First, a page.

XX

April 13th, 5pm, Conrad Prebys Music Center, Experimental Theater

Me/Monologue by Tiange Zhou
Mikrop by Elisabet Curbelo
Water Flow by Anqi Liu
Thermodynamics by Jasper Sussman
Subsong by Caroline Miller
Chatter by Nina Young, performed by Alexandria Smith
A Midsize Disgrace in the Realm of People and Things by Sammi Stone
Daddy by Fernanda Aoki Navarro


Fernanda Aoki Navarro is a composer born in Brazil based in San Diego, California. 
She works with acoustic and electroacoustic music and has been exploring performance art, installations and other multimedia platforms. Fernanda doesn’t like to be reduced to a gender, doesn’t know how to samba, procrastinates to write program notes, doesn’t know how to react to compliments or critiques, goes to the cinema every week, drinks coffee every day.

Elisabet Curbelo is a Spanish composer and performer born in Gran Canaria. She studied piano pedagogy, voice and composition in her hometown, Madrid and Istanbul. Today she pursues a PhD in Composition at UC San Diego under the advisory of Roger Reynolds.

Elisabet’s work and dedication has been valued throughout her career by diverse institutions, as she has been awarded numerous grants, prizes, and commissions. Her pieces have been performed in Spain, Turkey, USA, Germany, Switzerland and Holland. Her research focuses on the use of sensors to control electronics with movement and the use of extended vocal techniques based on her research of Middle Eastern music and culture.

Anqi Liu
Arrived late to composition, mostly teaching herself to compose at age eighteen, with an even later start in formal compositional studies at the age of twenty-three. Despite this late beginning, Liu’s music has been widely admired by conductors, musicians, and composers and has been appreciated by diverse audiences. Her music has been performed worldwide through the US to Europe and China. During the years based in New York City, her works were frequently performed by various ensembles in New York City at the prestigious venues such as Le Poisson Rouge, Shapeshifter Lab, the Firehouse Space and others. Pursuing her Ph.D. at UC San Diego, Liu got bachelor degrees of law and music performance at Xiamen University and an MA in Composition from Rutgers University. Distinct from a conventional compositional training, her music degree included extensive travels throughout the Chinese hinterlands to study the folk music of Chinese minority groups. During her time in America, Liu has focused on avant-garde acoustic experiments and exploring diverse possibilities on timbre and gestures.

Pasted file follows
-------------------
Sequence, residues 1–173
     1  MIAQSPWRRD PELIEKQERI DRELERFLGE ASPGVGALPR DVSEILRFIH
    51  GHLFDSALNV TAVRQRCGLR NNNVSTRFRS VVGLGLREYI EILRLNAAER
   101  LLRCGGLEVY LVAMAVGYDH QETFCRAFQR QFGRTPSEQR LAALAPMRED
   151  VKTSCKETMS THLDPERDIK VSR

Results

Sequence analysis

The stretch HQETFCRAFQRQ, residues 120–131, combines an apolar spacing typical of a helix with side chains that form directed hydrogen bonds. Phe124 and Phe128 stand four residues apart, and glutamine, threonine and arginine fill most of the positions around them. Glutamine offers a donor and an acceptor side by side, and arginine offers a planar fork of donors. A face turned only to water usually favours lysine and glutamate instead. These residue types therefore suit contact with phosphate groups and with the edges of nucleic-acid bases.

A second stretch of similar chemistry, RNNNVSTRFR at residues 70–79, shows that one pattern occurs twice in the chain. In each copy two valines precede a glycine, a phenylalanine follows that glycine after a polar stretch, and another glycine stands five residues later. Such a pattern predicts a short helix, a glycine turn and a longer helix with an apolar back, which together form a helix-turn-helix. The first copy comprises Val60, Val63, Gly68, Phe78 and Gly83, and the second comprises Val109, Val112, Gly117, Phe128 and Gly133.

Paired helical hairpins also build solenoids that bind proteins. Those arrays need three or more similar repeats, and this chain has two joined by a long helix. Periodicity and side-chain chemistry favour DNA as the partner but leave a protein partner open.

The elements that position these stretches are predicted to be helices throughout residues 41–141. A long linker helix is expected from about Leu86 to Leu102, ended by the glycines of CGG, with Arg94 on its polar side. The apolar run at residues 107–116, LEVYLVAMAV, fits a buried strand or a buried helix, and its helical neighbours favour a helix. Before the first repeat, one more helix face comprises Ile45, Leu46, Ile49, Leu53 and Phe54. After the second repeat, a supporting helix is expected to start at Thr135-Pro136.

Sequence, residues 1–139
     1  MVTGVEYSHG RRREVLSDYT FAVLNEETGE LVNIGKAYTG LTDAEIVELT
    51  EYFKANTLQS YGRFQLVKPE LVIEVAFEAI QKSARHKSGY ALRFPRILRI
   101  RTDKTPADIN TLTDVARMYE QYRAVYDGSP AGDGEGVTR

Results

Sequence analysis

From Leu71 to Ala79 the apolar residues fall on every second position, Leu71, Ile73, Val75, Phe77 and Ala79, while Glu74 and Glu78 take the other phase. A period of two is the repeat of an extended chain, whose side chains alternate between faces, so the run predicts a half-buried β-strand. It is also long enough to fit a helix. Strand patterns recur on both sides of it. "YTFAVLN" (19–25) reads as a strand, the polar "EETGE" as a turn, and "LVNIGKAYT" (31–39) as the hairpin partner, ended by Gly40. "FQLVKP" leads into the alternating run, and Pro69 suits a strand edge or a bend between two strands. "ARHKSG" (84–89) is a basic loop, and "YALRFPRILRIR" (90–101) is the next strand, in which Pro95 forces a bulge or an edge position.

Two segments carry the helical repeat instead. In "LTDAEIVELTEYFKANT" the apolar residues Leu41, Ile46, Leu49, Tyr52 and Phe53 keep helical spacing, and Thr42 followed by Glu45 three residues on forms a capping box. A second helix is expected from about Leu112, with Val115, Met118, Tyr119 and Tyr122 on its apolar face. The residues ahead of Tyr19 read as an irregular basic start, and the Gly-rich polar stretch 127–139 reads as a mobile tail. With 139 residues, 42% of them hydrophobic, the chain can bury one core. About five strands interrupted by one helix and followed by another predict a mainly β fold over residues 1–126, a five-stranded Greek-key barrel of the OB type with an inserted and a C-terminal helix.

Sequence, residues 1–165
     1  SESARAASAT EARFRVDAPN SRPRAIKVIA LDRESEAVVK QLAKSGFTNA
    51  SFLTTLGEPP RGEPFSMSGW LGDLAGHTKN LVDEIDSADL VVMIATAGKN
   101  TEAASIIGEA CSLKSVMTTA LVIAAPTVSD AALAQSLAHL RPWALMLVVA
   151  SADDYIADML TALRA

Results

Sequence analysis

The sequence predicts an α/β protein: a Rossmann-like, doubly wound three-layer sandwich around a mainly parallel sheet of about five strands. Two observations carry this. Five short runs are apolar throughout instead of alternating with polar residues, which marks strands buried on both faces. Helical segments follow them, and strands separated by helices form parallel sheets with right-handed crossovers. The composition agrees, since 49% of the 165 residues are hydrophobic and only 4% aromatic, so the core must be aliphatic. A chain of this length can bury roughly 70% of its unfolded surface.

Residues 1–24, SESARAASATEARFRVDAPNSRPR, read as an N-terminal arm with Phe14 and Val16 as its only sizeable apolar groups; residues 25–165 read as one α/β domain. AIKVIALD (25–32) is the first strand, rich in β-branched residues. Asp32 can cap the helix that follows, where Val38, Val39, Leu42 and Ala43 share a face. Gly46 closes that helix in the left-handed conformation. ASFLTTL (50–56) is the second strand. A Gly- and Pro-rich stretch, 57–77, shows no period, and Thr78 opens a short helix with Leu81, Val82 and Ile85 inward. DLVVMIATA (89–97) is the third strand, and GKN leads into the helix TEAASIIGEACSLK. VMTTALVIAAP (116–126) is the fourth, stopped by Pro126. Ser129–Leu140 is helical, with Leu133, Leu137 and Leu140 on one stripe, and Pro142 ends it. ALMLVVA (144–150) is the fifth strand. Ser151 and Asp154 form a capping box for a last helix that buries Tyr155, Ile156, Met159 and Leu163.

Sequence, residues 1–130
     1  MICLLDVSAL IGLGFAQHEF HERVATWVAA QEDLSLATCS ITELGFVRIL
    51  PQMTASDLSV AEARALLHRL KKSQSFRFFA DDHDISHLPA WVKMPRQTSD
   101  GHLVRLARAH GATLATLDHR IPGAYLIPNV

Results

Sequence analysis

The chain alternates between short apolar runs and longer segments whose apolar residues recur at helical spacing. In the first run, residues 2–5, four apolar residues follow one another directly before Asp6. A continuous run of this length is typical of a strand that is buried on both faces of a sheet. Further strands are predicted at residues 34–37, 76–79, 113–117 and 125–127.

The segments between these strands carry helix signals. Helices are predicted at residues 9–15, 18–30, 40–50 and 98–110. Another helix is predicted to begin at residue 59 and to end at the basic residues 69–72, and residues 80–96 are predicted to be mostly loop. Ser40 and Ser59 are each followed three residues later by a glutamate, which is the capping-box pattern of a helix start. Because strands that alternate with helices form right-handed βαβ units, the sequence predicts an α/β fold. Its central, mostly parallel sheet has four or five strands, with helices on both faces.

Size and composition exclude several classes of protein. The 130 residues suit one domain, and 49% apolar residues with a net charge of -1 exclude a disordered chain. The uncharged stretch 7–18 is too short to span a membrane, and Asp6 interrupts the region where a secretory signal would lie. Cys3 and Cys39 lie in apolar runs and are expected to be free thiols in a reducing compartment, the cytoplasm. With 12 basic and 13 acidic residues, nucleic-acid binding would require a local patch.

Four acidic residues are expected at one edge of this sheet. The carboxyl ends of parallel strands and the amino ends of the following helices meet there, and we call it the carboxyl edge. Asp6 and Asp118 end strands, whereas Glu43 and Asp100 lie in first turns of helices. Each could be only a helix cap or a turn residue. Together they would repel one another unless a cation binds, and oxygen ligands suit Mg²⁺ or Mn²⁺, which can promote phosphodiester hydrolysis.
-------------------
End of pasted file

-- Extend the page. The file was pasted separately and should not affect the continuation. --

Caroline Louise Miller’s music explores affect, biomusic, labor, tactility, and glitch. Her latest works deal with horror and abjection, corporate discipline in late capitalism, and hybridizing popular and electronic art music. In 2014 Caroline spent 2 weeks aboard a Scripps research vessel sailing from Taiwan to Micronesia, collecting field recordings aboard the ship, lowering an expensive instrument in and out of the water with a giant winch, and interviewing members of the crew. Her music appears across the U.S. and internationally.